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We live in a time of information abundance, which far too many of us see as information overload. With the sum total of human knowledge, past and present, at our fingertips, we’re faced with a crisis of attention: which ideas should we engage with, and why? Big Think is an evolving roadmap to the best thinking on the planet — the ideas that can help you think flexibly and act decisively in a multivariate world.

A word about Big Ideas and Themes — The architecture of Big Think

Big ideas are lenses for envisioning the future. Every article and video on bigthink.com and on our learning platforms is based on an emerging “big idea” that is significant, widely relevant, and actionable. We’re sifting the noise for the questions and insights that have the power to change all of our lives, for decades to come. For example, reverse-engineering is a big idea in that the concept is increasingly useful across multiple disciplines, from education to nanotechnology.

Themes are the seven broad umbrellas under which we organize the hundreds of big ideas that populate Big Think. They include New World Order, Earth and Beyond, 21st Century Living, Going Mental, Extreme Biology, Power and Influence, and Inventing the Future.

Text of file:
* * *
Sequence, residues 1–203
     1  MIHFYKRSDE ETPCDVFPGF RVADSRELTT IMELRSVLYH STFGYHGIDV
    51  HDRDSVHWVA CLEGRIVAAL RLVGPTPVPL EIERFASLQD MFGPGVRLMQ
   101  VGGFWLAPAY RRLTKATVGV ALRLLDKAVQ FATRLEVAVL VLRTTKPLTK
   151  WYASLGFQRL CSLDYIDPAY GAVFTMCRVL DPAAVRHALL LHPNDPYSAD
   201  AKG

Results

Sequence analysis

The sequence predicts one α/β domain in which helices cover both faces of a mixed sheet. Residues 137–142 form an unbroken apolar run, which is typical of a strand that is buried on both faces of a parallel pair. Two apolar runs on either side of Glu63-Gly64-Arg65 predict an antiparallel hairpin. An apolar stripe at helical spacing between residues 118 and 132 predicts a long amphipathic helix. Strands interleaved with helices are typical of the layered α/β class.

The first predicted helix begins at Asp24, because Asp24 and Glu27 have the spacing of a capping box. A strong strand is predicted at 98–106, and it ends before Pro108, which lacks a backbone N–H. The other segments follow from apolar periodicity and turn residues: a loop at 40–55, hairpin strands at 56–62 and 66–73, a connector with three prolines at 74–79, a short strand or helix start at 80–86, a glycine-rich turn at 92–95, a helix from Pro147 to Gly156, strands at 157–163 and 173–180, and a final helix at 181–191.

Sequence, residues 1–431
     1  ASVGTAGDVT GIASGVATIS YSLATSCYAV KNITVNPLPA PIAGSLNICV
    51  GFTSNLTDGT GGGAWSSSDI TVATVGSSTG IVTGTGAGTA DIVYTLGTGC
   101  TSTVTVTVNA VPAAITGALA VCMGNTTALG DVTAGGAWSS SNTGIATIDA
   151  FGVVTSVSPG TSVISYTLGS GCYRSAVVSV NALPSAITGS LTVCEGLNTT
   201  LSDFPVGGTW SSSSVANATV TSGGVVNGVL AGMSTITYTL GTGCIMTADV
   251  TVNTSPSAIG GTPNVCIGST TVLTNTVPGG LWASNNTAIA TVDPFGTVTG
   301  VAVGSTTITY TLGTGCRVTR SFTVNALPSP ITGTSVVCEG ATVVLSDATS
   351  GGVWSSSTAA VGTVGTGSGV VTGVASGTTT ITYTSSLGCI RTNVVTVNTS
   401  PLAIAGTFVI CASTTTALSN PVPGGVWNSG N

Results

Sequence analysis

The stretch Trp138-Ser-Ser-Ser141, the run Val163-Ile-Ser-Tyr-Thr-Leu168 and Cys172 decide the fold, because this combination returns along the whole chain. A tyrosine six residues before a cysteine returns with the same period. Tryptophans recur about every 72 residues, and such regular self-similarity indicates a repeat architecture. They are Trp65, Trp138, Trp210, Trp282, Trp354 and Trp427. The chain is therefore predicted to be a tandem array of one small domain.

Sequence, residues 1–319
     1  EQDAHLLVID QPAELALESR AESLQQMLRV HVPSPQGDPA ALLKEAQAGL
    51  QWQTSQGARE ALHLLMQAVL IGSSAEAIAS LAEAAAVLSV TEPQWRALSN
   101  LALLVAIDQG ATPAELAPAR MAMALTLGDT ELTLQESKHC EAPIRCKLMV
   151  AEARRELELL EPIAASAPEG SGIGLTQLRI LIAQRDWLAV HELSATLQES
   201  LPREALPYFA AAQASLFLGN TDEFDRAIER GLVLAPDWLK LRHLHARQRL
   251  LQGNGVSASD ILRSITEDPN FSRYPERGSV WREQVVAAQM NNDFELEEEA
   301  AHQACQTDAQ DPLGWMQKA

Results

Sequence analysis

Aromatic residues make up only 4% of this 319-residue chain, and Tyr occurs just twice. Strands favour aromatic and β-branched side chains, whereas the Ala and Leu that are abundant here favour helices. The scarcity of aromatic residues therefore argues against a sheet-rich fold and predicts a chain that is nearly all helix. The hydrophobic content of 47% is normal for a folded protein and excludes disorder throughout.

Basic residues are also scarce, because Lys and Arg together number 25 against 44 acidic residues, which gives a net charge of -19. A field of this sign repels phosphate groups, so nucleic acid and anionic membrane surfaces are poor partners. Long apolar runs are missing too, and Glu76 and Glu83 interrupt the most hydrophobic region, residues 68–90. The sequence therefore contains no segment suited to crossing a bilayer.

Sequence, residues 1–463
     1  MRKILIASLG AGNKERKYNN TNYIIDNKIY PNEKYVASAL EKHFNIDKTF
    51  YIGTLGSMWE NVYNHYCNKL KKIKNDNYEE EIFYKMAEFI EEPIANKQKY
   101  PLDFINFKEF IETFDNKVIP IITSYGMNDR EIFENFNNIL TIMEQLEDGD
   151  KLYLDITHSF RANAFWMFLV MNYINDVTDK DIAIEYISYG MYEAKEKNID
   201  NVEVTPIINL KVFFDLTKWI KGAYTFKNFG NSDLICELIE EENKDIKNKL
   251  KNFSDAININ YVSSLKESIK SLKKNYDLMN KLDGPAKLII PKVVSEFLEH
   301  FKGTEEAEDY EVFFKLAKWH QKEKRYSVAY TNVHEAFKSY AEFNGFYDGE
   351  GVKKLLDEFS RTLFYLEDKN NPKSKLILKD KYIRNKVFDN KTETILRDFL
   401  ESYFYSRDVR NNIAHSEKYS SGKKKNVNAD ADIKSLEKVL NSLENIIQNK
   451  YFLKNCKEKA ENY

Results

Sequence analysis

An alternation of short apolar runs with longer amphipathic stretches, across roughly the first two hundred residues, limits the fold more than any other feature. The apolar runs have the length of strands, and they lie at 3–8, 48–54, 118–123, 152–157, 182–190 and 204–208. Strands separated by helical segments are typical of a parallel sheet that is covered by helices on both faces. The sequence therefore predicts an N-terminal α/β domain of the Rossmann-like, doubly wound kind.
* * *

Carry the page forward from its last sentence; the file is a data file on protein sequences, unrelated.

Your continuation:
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Big Think’s contributors offer expert analysis of the big ideas behind the news.

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Divorce Made Easier

June 17, 2010, 7:00 AM
New York is finally on the verge of joining the other 49 states that have adopted divorce laws that do not require couples to establish who is at fault for the split. "Supporters argue that no-fault will reduce litigation and conflict between divorcing couples. Opponents claim it will raise New York’s divorce rate and hurt women financially," says the New York Times. "In every state that adopted no-fault divorce, whether unilateral or by mutual consent, divorce rates increased for the next five years or so. But once the pent-up demand for divorces was met, divorce rates stabilized. Indeed, in the years since no-fault divorce became well-nigh universal, the national divorce rate has fallen, from about 23 divorces per 1,000 married couples in 1979 to under 17 per 1,000 in 2005."
 

Divorce Made Easier

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